Bouchard v Bouchard 2018 BCSC 1728 dismissed an application for lump sum child maintenance for monies held in the estate of the deceased to died intestate, but reviewed the law relating to continuing obligations to pay spousal or child maintenance after death and the impact of the recently newish Family Law act allowing for same.
The deceased had been awarded approximately $1.9 million in a serious motor vehicle accident but became drug addicted and spent much of the estate.
Arrears of child maintenance in the amount of $300 per month had accumulated, and the mother on behalf of the infant children of the deceased, brought a court application that monies held in trust by the personal injury lawyers be paid to her as a lump sum child maintenance.
The court declined for largely procedural reasons including the children likely or the soul intestate heirs and their rights needed to be protected.
The court noted that any award for child support would only be a debt as against the deceased’s estate, and establishing a debt against the estate of the deceased person does not entitle a litigant to a court order for the amount of the debt. Debts against an estate must still be considered in terms of priority by the executor or estate administrator, as the case may be. This is one of the reasons why administration of the deceased’s estate is critical.
In the past, under the common law, of payor’s child support obligation ended upon death, Milne v MacDonald Estate 1986 CanLii 931 (BCCA) that unless the parties reached an agreement or there was a court order specifying that the payors support obligations would continue beyond his or her death. If there is such an agreement or court order in existence at the time of death, his obligations could continue as a liability of the estate Crain v Crain 1996 Carswell BC 1174 (BCSC) at paragraphs 11 – 15
The common law has now been changed by the Family Law act that where a payor has a duty to pay support under an agreement or order dies and the agreement or order is silent about whether that duty continues after the payor’s death and is a debt of his or her estate, Section 171 (3) of the FLA now allows the recipient of that support to apply for an order that the duty to pay support continues despite the death of the payor and is a debt of the estate, based on the factors in sections 171 (1)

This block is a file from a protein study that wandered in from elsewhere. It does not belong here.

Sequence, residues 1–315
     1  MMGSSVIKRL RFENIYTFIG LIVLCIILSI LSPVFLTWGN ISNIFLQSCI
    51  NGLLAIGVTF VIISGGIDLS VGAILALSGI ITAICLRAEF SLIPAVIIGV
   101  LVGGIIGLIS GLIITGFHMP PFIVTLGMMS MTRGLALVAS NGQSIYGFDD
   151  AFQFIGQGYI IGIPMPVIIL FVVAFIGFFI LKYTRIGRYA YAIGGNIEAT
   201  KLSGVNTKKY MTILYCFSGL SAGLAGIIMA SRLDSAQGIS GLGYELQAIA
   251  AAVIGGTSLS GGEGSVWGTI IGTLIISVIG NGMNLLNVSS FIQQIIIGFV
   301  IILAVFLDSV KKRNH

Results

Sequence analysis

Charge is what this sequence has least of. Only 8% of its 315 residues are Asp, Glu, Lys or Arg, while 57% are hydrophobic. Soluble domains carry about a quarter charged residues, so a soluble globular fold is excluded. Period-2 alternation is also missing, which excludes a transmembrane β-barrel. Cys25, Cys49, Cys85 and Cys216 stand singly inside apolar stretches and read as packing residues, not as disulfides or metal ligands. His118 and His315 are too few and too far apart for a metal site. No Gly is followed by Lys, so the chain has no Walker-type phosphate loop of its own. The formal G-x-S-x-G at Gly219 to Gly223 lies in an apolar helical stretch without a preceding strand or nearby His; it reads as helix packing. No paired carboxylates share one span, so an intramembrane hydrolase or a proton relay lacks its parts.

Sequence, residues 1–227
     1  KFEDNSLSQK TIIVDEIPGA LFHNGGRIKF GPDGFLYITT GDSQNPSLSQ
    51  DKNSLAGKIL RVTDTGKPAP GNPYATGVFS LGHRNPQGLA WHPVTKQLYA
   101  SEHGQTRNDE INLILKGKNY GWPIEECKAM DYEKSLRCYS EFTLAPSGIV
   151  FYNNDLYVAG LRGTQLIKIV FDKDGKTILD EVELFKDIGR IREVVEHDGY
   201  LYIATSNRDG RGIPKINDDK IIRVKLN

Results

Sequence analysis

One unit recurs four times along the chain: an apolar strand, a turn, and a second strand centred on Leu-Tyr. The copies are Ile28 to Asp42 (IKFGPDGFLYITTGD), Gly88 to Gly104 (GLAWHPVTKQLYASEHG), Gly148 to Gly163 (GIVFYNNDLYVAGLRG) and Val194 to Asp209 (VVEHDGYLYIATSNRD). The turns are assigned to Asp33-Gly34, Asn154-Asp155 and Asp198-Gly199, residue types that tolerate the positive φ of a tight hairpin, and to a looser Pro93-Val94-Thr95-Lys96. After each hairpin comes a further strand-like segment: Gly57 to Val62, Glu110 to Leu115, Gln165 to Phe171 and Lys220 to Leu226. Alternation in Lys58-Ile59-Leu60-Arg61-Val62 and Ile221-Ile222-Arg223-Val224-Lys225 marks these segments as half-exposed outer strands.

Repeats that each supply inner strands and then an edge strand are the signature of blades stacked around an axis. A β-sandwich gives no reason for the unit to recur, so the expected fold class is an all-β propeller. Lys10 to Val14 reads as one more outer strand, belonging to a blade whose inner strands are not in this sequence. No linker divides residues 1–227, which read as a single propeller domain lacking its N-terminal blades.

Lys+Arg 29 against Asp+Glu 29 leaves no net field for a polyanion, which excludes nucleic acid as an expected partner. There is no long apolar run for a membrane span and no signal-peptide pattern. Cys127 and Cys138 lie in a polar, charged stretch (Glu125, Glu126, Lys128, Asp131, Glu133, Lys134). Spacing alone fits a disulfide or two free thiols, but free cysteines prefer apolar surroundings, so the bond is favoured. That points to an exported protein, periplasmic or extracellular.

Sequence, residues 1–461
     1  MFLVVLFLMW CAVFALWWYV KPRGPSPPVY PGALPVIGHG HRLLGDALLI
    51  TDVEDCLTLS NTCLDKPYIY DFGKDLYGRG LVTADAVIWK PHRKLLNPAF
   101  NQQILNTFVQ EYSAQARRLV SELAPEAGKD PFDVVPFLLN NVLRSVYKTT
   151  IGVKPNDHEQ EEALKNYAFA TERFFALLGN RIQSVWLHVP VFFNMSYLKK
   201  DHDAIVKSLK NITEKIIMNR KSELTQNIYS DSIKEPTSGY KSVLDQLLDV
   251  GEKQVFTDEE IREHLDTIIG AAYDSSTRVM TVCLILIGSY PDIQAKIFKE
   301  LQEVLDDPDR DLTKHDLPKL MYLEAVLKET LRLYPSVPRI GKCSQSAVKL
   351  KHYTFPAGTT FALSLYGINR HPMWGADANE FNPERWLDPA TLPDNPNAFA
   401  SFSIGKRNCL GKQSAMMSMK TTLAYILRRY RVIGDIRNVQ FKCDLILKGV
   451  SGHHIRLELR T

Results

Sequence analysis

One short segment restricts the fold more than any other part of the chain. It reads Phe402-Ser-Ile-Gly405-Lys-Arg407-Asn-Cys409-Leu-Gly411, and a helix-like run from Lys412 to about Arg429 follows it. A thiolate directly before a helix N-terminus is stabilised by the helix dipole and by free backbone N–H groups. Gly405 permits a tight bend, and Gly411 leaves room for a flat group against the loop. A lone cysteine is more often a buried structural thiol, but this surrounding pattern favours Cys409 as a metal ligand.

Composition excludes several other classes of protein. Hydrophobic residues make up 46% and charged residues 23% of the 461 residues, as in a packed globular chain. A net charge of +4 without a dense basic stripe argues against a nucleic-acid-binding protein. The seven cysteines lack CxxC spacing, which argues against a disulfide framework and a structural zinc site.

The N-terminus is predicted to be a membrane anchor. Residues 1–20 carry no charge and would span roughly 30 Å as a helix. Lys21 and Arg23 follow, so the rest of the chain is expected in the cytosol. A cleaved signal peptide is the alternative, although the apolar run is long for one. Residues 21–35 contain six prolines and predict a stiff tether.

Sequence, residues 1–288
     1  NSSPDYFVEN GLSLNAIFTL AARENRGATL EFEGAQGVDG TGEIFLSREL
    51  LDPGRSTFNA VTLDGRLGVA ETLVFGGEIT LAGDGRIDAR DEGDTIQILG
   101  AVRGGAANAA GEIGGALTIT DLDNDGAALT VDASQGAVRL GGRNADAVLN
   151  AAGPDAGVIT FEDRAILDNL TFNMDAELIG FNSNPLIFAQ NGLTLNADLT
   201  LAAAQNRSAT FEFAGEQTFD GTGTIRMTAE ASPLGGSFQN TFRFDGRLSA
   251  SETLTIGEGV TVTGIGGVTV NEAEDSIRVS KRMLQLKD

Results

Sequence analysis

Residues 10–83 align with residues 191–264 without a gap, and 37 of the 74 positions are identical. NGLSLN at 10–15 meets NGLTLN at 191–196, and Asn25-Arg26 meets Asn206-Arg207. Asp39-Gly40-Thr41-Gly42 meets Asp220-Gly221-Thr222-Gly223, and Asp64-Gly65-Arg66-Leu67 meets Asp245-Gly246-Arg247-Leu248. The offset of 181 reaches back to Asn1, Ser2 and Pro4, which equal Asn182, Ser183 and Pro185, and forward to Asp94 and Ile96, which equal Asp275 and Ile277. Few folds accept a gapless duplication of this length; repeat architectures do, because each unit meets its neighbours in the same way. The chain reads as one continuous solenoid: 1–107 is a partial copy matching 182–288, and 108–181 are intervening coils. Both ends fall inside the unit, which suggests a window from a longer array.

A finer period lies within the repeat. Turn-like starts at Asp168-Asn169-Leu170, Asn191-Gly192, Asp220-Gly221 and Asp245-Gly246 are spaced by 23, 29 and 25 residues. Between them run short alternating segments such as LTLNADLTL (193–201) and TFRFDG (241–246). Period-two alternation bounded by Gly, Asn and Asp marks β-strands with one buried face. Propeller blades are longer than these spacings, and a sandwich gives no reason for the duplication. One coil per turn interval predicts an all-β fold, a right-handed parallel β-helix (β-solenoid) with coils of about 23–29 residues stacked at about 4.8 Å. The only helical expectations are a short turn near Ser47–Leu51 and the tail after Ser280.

This recent change in the FLA was allowed in Kumagai v Campbell Estate 2016BC SC 1161 where the act for a court stated that section 171 (3) FLA must be interpreted in a manner consistent with the legislature’s intention to provide a mechanism for the ongoing payment of support upon the death of the payee or spouse.
As a result, the claimant was not precluded by the wording of section 1713) from applying for an order that the deceased spousal support obligation continues despite his death and becomes a debt of his estate.
The court specifically found that the legislative intent of these provisions was to provide a mechanism for the ongoing payment of spousal and child support upon the death of the payee or spouse based on the factors listed in section 171 (1) . The legislature has clearly and expressly change the common-law principles with respect to support under the FLA
The factors set out in section 171 ( 1) entitle support obligations after death in FLA are:
171 (1) before making an order under section 170 (g) for an order after death that a duty to pay child support or spousal support continues after death, the court must consider it all of the following factors:
a) That the person receiving child support or spousal support has a significant need for support that is likely to continue past the death of the person paying child support or spousal support;
b) that the estate of the person paying child support or spousal support is sufficient to meet the needs referred to in paragraph a after taking into account all claims on the estate, including those of creditors and beneficiary;
c) that no other practical means exist to meet the need referred to in paragraph a
2. If an agreement, or an order under section 170g) is made in the person having a duty to pay child support or spousal support dies, the person’s personal representative may make an application, and the court may make an order, to:
a) Set aside or replace with an order made under this part all or part of the agreement, or
b) change, suspend or terminate the order.
3. If a person having a duty to pay child support or spousal support under an agreement or order dies and the agreement or order is silent respecting whether the duty continues after the death of the person and is a debt of his or her estate,
a) The person receiving support may make an application under section 149 relating to children or 165 relating to spouses and
b) if, on consideration of the factors set out in subsection 1 of this section, an order is made, the duty to pay child support or spousal support continues despite the death of the person and as a debt of his or her estate for the period fixed by the court.